Scottish independence: Nicola Sturgeon's economic plans make Kwasi Kwarteng's mini-budget look amazing – John McLellan

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No country has ever been better prepared for independence, Nicola Sturgeon asserted on Monday, and that may be true compared to those which have emerged from political collapse, violent insurrection, and war.

But as much as Ms Sturgeon wants you to believe it, the Conservative Party’s undeniable mess is not the same as the UK being in an unstoppable death spiral from which independence is the only escape.

And with years to think about how the new Scotland will step out into the world led by reputedly Britain’s best politician by far, we must surely take Ms Sturgeon at her word that everything is in place.

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Her 110-page economic plan was revealed on Monday, and the depth of the preparation was revealed on page 48.

Nicola Sturgeon launches the latest paper in the Building a New Scotland series (Picture: David Cheskin-Pool/Getty Images)Nicola Sturgeon launches the latest paper in the Building a New Scotland series (Picture: David Cheskin-Pool/Getty Images)
Nicola Sturgeon launches the latest paper in the Building a New Scotland series (Picture: David Cheskin-Pool/Getty Images)

“Setting credible and responsible fiscal rules, and demonstrating that there is a plan in place to meet them, is essential to ensuring market confidence in a newly independent Scotland,” it says, and who’d disagree after the turmoil following last month’s UK mini-budget?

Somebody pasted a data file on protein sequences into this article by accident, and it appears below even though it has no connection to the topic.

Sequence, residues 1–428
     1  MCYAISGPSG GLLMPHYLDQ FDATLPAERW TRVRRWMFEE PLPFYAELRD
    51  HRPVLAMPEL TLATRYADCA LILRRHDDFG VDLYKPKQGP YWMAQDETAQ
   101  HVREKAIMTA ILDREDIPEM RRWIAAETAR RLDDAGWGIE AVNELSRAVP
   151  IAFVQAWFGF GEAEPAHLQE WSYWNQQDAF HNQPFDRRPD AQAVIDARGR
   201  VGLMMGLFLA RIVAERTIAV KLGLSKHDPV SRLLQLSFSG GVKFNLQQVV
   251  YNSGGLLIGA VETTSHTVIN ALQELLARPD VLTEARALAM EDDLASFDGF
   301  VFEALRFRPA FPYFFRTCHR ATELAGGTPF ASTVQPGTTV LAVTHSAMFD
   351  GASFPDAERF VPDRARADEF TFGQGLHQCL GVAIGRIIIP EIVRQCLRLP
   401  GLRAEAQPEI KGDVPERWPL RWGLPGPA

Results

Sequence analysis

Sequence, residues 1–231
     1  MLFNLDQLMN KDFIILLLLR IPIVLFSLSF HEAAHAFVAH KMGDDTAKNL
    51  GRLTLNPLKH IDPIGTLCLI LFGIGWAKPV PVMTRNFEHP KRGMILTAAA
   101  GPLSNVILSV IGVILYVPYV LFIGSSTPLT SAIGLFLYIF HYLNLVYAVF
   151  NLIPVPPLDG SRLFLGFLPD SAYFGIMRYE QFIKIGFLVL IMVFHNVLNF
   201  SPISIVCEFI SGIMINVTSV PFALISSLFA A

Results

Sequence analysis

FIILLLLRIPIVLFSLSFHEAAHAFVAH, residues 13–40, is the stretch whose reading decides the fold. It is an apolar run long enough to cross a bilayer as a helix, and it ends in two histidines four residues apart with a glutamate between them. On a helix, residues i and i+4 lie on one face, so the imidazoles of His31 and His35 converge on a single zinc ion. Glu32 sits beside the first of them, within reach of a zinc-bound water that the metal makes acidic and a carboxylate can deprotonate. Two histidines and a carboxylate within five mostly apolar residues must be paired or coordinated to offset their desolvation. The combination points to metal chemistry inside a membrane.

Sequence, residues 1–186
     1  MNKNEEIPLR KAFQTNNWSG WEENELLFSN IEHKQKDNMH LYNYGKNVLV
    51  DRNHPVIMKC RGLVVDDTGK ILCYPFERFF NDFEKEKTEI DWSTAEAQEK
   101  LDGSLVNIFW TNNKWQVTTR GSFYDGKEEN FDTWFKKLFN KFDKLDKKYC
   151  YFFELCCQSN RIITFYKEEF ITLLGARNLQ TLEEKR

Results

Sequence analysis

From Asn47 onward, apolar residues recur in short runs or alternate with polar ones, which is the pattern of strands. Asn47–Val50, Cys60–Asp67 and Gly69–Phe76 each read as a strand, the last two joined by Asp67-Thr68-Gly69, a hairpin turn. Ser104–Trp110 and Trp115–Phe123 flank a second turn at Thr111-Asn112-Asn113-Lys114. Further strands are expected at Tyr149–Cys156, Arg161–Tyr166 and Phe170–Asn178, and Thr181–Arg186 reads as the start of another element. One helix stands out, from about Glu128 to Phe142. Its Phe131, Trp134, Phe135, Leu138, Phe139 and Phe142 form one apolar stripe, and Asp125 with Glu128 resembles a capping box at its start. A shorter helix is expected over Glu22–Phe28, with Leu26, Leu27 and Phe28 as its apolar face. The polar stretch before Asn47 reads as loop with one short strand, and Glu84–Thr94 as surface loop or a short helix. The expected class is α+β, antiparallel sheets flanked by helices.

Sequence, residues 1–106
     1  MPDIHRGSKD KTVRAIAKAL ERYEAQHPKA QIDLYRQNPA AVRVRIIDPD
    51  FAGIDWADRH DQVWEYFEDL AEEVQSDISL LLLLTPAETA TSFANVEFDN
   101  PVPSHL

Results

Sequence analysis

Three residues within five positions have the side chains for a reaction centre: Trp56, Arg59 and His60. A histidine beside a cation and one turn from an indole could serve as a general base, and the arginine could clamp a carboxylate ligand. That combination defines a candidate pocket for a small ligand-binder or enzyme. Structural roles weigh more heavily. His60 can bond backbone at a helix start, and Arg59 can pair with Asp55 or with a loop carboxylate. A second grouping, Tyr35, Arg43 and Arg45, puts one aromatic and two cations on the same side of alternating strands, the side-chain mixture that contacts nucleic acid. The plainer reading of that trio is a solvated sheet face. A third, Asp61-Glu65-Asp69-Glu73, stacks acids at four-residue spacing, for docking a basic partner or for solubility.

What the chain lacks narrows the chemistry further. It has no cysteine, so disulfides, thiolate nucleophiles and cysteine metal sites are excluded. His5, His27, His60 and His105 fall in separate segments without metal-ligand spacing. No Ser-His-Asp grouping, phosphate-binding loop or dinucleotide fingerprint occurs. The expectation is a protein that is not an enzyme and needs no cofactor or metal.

So what’s the plan? “The decision on fiscal rules, and on the strategy for meeting them, would be for a future Scottish Government,” it concedes.

OK, no plan just now then, but the world’s best-prepared country must have an idea how those rules will be formed. They would apparently include the EU’s “Stability and Growth Pact” even though, by her own admission, the new country wouldn’t be an EU member for years.

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“We would propose, for the period before Scotland re-joins the EU, fiscal rules that were, as far as possible, aligned with the principles and the approach of any future EU Stability and Growth Pact,” it says, admitting they don’t know what any deal would contain.

Right, forget about the EU, what about the here and now, because the First Minster says we’ll be voting on this next year?

“No estimate of the fiscal starting position is set out in this document, given the uncertainty over the outlook for the global, UK, and Scottish economies,” it says.

In other words, the “best prepared country ever” doesn’t know how much money it will be playing with when Ms Sturgeon expects us to take the leap next October or in her “de facto” referendum/election less than a year after that.

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“It would be for the government of an independent Scotland to set out a clear pathway to ensuring overall fiscal sustainability and that fiscal targets are met,” it says. Quite, but this is an admission she can’t tell us now how the books will be balanced.

A new “fiscal rule” to limit borrowing would be set before independence and a “debt rule” on public spending would depend on negotiations with Westminster. For all this to be settled at some undefined time once the new government understood what the economy was like means new Scotland would be flying blind in the middle of global turbulence which could last years.

And on top of a hard trade border with England, and the quite deranged suggestion of borrowing in Sterling and paying back in new Scottish wampum, this Scottie dog’s breakfast makes the Kwarteng mini-budget look like the world’s best executed economic strategy.

Maybe it’s not back-of-a-fag packet, so let’s say a carton of 200. Or perhaps Ms Sturgeon knows it’s the best-prepared plan for the bucket.

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